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Max Planck Insti­tute of Col­loids and Inter­faces - Depart­ment of Bio­ma­ter­i­als

The Depart­ment of Bio­ma­ter­i­als focuses on inter­dis­cip­lin­ary research in the field of bio­lo­gical and bio­mi­metic mater­i­als. The emphasis is on under­stand­ing how the mech­an­ical or other phys­ical prop­er­ties are gov­erned by struc­ture and com­pos­i­tion and how they adopt to envir­on­men­tal con­di­tions.

MSc thesis: Chori­oal­lan­toic mem­brane (CAM) assay for the study of mul­tiple myel­oma

Devel­op­ment of an altern­at­ive, less sen­tient in vivo model (CAM assay) to study the effect of mul­tiple myel­oma can­cer cells in the bone mat­rix microen­vir­on­ment.

Work­ing field:

Back­ground: Bio­logy, Bio­medi­cine, Bio­tech­no­logy or Bio­med­ical Engin­eer­ing

Require­ments:

You should have a back­ground in bio­logy, bio­medi­cine, bio­med­ical engin­eer­ing, bio­tech­no­logy or sim­ilar, and strong interest in can­cer bio­logy. Pre­vi­ous exper­i­ence with cell cul­ture will be highly valu­able, but not essen­tial. The pro­ject will be car­ried out at the Max Planck Insti­tute of Col­loids and Inter­faces in the group of Dr Amaia Cipitria together with Dr Inés Moreno.

What we of­fer:

Mul­tiple myel­oma (MM) is a type of blood can­cer in which plasma cells grow aber­rantly and pro­duce abnor­mal anti­bod­ies. In the clinic, MM patients show lesions in the skel­eton which do not heal, even when the patient is in com­plete remis­sion. MM cells mainly reside in the bone mar­row and alter bone homeo­stasis by activ­at­ing bone resorp­tion and inhib­it­ing bone form­a­tion. We are inter­ested in under­stand­ing how these can­cer cells alter the bio­phys­ical prop­er­ties of the bone extra­cel­lu­lar mat­rix. The pro­ject will involve cell cul­ture of human MM cell lines to study their inter­ac­tion and effects with the extra­cel­lu­lar mat­rix of embryonic chick femurs. In the first part of the pro­ject you will cul­ture femurs from chick embryos in vitro (organ­o­typ­ic­ally) together with MM cells. In a second part of the pro­ject you will use the chori­oal­lan­toic mem­brane (CAM) assay as a less sen­tient, refine­ment model (3Rs) to exam­ine the inter­ac­tion of can­cer cells with the bone tis­sue in vivo. Explor­at­ory ana­lysis will involve his­to­logy to loc­al­ize can­cer cells in the tis­sue and micro com­puted tomo­graphy to eval­u­ate 3D changes in the bone struc­ture.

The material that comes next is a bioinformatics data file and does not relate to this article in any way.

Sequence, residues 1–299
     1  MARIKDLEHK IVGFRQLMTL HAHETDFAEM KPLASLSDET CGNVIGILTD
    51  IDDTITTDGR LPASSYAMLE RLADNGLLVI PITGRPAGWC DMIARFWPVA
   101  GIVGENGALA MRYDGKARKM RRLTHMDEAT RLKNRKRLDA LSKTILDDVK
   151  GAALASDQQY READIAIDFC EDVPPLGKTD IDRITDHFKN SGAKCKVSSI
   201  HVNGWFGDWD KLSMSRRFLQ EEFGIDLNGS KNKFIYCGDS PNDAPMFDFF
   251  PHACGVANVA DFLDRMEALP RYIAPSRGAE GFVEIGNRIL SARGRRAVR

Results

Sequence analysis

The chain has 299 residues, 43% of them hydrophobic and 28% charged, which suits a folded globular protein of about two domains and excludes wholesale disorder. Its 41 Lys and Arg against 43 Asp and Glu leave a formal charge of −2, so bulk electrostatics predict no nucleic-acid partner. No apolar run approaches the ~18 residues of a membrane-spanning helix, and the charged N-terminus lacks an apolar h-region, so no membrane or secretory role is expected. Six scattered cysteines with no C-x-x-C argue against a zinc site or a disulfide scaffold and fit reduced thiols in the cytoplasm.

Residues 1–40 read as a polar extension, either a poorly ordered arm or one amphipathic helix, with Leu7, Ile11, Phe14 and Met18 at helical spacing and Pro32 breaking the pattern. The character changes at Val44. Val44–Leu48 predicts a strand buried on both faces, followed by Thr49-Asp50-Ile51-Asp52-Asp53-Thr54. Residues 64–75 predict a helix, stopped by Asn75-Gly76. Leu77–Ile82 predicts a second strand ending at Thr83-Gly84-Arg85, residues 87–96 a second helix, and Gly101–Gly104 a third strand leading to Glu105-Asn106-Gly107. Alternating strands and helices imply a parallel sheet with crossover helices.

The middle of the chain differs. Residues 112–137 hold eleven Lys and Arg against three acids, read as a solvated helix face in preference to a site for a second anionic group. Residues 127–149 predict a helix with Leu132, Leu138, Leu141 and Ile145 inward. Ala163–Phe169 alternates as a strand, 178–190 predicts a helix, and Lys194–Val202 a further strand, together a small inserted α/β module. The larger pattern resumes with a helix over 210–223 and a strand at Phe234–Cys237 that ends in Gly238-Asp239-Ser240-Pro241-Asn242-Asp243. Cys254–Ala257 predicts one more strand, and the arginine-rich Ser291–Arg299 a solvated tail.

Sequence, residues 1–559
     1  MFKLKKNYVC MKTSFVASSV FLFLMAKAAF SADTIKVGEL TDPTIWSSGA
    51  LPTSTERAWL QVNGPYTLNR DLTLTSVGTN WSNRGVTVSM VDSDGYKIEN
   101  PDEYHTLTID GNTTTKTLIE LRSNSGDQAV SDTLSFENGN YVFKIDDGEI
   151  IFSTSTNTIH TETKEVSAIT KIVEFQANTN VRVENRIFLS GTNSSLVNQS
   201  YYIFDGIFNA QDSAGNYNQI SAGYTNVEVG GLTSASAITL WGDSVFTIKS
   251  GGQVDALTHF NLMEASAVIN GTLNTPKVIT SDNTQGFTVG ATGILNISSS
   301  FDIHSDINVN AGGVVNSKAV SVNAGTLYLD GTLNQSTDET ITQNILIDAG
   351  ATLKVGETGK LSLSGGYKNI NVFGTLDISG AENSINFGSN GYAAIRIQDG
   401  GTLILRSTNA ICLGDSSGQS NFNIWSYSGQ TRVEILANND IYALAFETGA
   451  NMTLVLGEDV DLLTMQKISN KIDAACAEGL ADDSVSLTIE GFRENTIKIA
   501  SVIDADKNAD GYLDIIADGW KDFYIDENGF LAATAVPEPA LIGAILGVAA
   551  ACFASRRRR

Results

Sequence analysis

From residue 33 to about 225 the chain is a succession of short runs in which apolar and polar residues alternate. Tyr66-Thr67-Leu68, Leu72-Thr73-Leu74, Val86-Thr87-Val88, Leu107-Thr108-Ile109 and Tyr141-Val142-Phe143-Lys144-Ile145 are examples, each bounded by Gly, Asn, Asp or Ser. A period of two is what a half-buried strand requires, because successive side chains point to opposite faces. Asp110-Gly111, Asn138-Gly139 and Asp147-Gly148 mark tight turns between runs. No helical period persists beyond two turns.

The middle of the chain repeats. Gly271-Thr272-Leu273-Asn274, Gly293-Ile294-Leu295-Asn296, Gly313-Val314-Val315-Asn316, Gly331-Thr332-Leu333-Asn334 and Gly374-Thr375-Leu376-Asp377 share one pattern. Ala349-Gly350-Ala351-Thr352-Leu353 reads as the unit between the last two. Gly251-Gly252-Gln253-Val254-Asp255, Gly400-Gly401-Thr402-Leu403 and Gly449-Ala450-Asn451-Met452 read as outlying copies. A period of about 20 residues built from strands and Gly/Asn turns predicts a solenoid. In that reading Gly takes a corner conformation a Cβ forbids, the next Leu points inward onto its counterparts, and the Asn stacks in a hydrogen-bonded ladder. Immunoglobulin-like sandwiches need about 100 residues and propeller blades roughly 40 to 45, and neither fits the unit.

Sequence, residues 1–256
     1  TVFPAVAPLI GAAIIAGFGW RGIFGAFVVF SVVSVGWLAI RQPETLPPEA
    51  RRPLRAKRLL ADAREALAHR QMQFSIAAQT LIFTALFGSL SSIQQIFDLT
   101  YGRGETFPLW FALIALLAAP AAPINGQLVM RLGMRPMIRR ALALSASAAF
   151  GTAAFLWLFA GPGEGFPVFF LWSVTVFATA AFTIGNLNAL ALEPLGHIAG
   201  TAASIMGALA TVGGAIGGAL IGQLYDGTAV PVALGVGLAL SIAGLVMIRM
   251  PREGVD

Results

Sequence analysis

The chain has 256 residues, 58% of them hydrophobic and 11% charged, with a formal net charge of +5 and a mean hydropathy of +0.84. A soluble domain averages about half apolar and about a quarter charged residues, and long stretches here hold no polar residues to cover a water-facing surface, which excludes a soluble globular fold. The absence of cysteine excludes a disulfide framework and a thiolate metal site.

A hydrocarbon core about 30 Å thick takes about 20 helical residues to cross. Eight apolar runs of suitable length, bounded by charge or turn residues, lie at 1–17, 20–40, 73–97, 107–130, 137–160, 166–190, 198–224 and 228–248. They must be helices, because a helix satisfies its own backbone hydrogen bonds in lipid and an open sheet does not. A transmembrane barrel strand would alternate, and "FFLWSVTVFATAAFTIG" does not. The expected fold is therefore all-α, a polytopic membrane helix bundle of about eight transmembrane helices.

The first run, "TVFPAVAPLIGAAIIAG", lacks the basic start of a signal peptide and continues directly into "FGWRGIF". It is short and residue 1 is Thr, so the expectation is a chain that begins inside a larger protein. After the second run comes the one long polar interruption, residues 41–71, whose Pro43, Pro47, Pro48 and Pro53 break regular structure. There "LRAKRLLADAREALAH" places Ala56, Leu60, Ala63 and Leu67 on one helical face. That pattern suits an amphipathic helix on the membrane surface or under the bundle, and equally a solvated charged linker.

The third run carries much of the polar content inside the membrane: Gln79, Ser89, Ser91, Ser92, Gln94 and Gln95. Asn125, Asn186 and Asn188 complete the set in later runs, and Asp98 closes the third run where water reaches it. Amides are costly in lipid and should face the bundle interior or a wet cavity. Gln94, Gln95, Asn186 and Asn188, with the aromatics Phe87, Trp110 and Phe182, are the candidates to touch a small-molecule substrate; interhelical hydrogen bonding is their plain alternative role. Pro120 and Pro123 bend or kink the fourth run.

How to ap­ply:

Please send your applic­a­tion includ­ing a motiv­a­tion let­ter, your CV and a tran­script of your uni­versity record to these two email addresses: ines.moreno@mpikg.mpg.de and amaia.cipitria@mpikg.mpg.de Please indic­ate “Mas­ter thesis –CAM assay and mul­tiple myel­oma” in the sub­ject line. The pro­ject can start at the begin­ning of March 2020. The work­ing lan­guage is Eng­lish.
Dr Amaia Cipitria (Emmy Noether Group Leader) and Dr Inés Moreno (Hum­boldt Postdoc­toral researcher), Dept. of Bio­ma­ter­i­als, Max Planck Insti­tute of Col­loids and Inter­faces, Golm, Pots­dam.